Bruce Maxwell first MLB player to kneel during National Anthem

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Athletics’ rookie catcher Bruce Maxwell did not stand for the National Anthem on Saturday night. He’s the first MLB player to do so and, like other professional athletes before him, used the moment to send a message — not just to shed light on the lack of racial equality in the United States, but to specifically protest President Donald Trump’s suggestion that NFL owners fire any of their players who elect to protest the anthem by sitting or kneeling.

“Bruce’s father is a proud military lifer. Anyone who knows Bruce or his parents is well aware that the Maxwells’ love and appreciation for our country is indisputable,” Maxwell’s agent, Matt Sosnick, relayed to the San Francisco Chronicle’s Susan Slusser on Friday. He continued:

Bruce has made it clear that he is taking a stand about what he perceives as racial injustices in this country, and his personal disappointment with President Trump’s response to a number of professional athletes’ totally peaceful, non-violent protests.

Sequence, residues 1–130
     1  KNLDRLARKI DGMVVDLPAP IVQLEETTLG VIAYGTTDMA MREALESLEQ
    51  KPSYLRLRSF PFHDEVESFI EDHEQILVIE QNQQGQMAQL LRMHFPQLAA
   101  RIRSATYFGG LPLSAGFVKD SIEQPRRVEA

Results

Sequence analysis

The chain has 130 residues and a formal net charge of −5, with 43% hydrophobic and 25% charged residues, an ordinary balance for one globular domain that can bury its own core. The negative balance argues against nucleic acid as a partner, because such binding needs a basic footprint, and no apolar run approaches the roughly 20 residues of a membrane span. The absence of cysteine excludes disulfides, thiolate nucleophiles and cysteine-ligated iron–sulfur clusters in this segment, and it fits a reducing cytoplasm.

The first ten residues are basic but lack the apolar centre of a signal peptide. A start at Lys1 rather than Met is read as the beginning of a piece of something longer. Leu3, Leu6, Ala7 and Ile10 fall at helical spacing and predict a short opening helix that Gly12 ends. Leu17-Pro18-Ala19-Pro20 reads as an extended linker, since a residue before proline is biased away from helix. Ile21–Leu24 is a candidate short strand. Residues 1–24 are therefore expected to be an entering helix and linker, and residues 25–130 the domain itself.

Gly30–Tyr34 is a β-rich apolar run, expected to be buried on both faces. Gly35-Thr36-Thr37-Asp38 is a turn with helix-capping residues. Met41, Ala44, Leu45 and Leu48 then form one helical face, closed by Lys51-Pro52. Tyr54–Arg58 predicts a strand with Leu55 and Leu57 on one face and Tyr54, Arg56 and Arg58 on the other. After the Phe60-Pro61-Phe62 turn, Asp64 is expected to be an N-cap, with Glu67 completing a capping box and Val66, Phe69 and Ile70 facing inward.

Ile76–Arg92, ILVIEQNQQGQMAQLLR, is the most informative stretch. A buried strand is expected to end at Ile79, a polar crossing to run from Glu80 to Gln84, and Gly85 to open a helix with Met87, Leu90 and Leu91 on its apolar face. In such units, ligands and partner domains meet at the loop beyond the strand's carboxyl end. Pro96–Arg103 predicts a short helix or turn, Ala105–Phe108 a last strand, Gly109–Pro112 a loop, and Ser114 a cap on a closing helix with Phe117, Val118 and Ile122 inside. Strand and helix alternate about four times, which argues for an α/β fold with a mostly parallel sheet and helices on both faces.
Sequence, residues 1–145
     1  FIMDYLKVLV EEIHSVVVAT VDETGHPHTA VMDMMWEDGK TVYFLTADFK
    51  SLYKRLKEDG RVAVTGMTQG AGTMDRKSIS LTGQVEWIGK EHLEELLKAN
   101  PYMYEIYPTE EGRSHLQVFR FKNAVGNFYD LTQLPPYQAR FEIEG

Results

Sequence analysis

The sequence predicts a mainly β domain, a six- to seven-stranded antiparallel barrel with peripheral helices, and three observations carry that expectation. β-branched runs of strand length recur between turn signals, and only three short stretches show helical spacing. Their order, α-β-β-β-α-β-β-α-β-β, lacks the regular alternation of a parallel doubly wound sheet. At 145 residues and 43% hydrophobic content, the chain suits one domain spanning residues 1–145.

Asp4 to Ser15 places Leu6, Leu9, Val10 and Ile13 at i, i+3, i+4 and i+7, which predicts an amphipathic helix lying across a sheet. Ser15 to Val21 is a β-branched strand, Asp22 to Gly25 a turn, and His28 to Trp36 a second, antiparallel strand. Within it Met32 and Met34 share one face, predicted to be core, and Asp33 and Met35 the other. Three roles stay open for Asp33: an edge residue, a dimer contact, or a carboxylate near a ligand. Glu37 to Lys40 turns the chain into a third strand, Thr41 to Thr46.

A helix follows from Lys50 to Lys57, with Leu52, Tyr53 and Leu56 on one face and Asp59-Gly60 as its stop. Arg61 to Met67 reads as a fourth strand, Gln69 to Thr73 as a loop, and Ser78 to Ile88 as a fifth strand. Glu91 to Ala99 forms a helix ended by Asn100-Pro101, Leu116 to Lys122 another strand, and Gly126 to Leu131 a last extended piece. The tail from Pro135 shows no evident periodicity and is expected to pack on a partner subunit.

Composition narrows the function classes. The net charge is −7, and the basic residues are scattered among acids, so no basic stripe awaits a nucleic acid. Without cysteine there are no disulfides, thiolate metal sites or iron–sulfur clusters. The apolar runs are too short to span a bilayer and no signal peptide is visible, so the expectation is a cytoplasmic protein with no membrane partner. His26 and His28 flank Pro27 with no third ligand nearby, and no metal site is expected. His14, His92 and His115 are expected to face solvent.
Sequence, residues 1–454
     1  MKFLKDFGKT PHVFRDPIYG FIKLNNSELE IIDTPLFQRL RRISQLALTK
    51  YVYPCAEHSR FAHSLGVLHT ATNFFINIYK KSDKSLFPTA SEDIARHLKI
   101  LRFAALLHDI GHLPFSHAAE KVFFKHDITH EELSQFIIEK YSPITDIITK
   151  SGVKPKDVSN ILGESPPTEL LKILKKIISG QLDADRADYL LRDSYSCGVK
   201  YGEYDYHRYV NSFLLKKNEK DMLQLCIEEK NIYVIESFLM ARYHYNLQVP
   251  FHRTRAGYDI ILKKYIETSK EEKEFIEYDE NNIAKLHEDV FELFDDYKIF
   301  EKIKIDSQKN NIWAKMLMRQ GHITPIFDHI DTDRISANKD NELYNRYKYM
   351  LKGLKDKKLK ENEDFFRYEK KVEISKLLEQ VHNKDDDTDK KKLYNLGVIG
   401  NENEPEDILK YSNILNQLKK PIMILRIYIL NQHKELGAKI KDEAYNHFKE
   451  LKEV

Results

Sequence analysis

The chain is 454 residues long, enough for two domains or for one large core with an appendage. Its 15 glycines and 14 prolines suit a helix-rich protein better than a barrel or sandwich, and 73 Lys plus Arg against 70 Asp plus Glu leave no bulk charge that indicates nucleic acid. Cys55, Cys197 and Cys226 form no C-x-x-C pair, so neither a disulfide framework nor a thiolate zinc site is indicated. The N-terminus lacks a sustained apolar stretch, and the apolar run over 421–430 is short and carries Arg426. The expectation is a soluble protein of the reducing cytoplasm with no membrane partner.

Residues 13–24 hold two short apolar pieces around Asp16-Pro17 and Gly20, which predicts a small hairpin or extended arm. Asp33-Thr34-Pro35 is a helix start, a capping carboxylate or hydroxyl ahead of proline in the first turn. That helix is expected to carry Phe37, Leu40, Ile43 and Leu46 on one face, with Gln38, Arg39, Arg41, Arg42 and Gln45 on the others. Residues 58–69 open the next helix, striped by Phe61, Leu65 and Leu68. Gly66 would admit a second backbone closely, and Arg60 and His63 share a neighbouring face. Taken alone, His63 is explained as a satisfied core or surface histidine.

Bruce has shared with both me and his teammates that his feelings have nothing to do with a lack of patriotism or a hatred of any man, but rather everything to do with equality for men, women and children regardless of race or religion.

While Maxwell didn’t make his own statement to the media, he took to Instagram earlier in the day to express his frustration against the recent opposition to the protests, criticizing the President for endorsing “division of man and rights.”

Despite Trump’s profanity-laced directive to NFL owners on Friday, however, it’s clear the Athletics don’t share his sentiments. “The Oakland A’s pride ourselves on being inclusive,” the team said in a statement released after Maxwell’s demonstration. “We respect and support all of our players’ constitutional rights and freedom of expression.”

Whatever the fallout, kudos to Maxwell for taking a stand. He may be the first to do so in this particular arena, but he likely won’t be the last.